ea’n Fo’mhair known as the autumn equinox, Albun Eluid, Harvest Home and more recently as Mabon, falls somewhere between September 21st-23rd. The equinox finds us again with the longitude of the Sun is 0° and 180° and directly above the equator creating a day equal in both light and dark. Once the sun crests the days from here until spring shall grow shorter.
While the first harvest focused on the gathering of grains and grasses, this second harvest is busy with the gathering of ripening fruits, nuts and vegetables. Between Lughnasadh and through the season of Mabon grapes, plums, apples and blackberries are dried in our dehydrator or made into pies, sauces, cordials, shrubs, cider and ritual/table wines. Melons are finally getting ripe, peas have reached the end, green beans are eaten fresh and canned, cucumbers and small zucchini into pickles, tomatoes are dried or canned into a variety of dishes, beets, onions, garlic, early squash, carrots, artichokes-the list goes on. The race is on to gather walnuts and hazelnuts before the crows, chipmunks and squirrels. Rose hips that were starting to turn at Lughnasadh are now fully ripe with gorgeous vibrant red colors and ready to be harvested and added fresh to honey or dried for later spell working. Final herbs are harvested and gathered in bunches to hang dry for later cooking, medicine or spellcrafts.
The energy is a bit frenzied as we all watch for the perfect moment our foods reach their peak and then hurry to process making sure there is no waste.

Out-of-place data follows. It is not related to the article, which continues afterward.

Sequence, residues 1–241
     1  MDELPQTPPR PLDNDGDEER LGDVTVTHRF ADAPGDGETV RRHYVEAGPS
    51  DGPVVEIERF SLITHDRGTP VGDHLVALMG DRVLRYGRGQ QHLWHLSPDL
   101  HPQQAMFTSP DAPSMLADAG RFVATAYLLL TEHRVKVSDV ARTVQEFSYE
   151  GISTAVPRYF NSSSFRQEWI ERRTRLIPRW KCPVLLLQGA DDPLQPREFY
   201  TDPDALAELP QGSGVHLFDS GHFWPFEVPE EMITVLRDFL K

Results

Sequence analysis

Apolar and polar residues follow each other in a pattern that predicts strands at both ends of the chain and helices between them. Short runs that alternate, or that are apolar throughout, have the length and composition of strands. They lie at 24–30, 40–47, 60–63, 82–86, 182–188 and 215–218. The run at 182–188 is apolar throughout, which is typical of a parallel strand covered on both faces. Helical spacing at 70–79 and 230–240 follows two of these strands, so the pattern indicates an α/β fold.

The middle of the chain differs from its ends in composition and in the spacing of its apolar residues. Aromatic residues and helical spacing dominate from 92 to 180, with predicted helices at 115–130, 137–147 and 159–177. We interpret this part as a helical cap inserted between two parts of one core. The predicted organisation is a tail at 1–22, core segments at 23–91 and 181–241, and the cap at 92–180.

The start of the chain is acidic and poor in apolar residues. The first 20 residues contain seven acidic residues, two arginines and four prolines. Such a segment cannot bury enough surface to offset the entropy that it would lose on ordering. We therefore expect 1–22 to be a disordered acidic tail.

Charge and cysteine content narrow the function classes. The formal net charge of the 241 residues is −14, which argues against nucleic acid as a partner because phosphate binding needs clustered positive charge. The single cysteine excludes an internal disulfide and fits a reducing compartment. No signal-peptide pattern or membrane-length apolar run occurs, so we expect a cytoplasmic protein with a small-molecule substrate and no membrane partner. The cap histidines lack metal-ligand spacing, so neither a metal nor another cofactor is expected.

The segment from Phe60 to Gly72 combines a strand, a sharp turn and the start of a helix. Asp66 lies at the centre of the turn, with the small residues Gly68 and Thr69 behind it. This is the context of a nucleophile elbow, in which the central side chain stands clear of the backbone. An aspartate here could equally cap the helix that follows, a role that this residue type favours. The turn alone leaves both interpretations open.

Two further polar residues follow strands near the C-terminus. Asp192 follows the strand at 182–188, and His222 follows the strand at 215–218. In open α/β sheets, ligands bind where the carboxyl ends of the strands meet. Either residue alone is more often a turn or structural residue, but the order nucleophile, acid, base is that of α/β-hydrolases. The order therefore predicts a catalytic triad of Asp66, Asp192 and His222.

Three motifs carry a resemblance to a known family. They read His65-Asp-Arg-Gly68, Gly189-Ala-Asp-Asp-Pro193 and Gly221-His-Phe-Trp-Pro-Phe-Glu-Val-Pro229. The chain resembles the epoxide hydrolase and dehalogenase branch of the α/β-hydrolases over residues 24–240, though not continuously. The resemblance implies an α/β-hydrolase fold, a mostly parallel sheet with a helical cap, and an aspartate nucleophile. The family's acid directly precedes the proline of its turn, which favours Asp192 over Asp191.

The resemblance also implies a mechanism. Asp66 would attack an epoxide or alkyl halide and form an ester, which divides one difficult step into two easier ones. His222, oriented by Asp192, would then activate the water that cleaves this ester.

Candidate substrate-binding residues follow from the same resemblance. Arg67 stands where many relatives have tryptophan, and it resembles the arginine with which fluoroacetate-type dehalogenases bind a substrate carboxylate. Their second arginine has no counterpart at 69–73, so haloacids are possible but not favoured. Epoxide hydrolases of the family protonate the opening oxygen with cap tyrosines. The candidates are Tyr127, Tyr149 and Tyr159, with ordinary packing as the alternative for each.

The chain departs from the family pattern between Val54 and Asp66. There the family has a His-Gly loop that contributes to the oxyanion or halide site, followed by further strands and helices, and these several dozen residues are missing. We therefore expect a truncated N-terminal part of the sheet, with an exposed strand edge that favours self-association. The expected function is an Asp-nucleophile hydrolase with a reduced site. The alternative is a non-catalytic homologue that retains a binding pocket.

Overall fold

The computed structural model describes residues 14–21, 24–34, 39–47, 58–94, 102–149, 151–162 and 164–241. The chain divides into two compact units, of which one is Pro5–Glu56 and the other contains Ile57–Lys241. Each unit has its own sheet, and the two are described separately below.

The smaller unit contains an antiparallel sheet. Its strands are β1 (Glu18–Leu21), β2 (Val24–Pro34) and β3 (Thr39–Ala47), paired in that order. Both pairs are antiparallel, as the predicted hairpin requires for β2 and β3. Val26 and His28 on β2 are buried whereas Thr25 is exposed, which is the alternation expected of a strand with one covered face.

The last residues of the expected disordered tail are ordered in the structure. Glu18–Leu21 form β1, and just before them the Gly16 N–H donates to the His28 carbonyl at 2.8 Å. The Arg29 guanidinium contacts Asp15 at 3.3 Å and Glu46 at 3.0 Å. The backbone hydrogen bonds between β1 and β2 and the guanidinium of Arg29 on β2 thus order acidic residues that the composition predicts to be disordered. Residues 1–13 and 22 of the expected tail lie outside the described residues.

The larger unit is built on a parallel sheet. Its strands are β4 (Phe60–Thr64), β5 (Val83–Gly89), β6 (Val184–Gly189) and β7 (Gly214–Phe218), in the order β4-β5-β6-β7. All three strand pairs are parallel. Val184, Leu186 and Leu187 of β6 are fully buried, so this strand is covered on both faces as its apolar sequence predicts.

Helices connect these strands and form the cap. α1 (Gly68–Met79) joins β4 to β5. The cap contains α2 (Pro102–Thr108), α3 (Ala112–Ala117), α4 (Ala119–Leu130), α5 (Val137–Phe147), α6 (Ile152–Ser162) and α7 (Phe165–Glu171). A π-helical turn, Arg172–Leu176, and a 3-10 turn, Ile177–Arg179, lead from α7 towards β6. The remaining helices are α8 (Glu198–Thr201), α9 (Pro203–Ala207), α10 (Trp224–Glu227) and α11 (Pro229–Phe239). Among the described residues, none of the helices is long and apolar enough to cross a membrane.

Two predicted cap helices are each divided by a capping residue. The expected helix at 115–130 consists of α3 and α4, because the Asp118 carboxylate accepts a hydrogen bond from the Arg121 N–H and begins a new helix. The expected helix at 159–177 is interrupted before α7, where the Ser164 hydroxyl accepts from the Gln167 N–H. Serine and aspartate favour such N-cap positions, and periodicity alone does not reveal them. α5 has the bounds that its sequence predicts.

Our Mea’n Fo’mhair altars reflect the hard-won abundance we have sown and harvested. Gorgeous red, orange and yellow leaves lay the foundation for colorful indian corn, bright red and green apples, nuts, purple wine grapes, textured gourds and luscious orange pumpkins. Red and orange candles flank our Lord and Lady while grape vines ring the harvest sickle and bouquets of sunflowers, seedpods, bittersweet, beautyberry, zinnia, dahlia, chrysanthemum, pot marigold and nicotiana adorn our sacred space.
Our pantries are filled with hanging herbs while jars of pickles, dried fruit, honeyed rosehips, dilly green beans, carrots, jeweled fruit jams, Dads famous pepper jelly, Grandma HeBert’s mustard pickles, elderberry cordial, raspberry shrub, blackberry and apple wines, as well as lemon verbena, conserve all vie for space on the crowded shelves. Our dehydrator is working overtime to preserve the last berries and herbs too delicate to hang.
The turning tides also find us with open hearts of thanksgiving for the abundance we are harvesting and processing. We call on the god and goddess of Mabon that we may share with them our abundance through libations poured and vegetables harvested, while also calling forth the blessings of plenty during winter scarceness. The frenzied days turn to twilight skies and lengthening shadows signal an important shift as we ride the double helix of what we have manifested and what is to come. We will feed our bodies with fruitful and nutritious sustenance while our souls are nourished with the vibrant colors of yellow, orange, purple and red turning foliage.
The waning sun bows its head and we traverse the liminal thread of the double spiral of fate-seeking that still deep place we have long yearned for and travel towards in the coming season of Samhain. With the volumes of work to get the harvest in during the time of the shortening days, it can be a challenge to maintain our internal/external balance. Mabon is as beautiful, rich and decadent as the colors we are surrounded by and we find ourselves being filled with wonder and gratitude for the gifts of the lady and lord that will sustain us in the dark days ahead.
How do you nourish yourself or maintain your balance in the Mabon Season?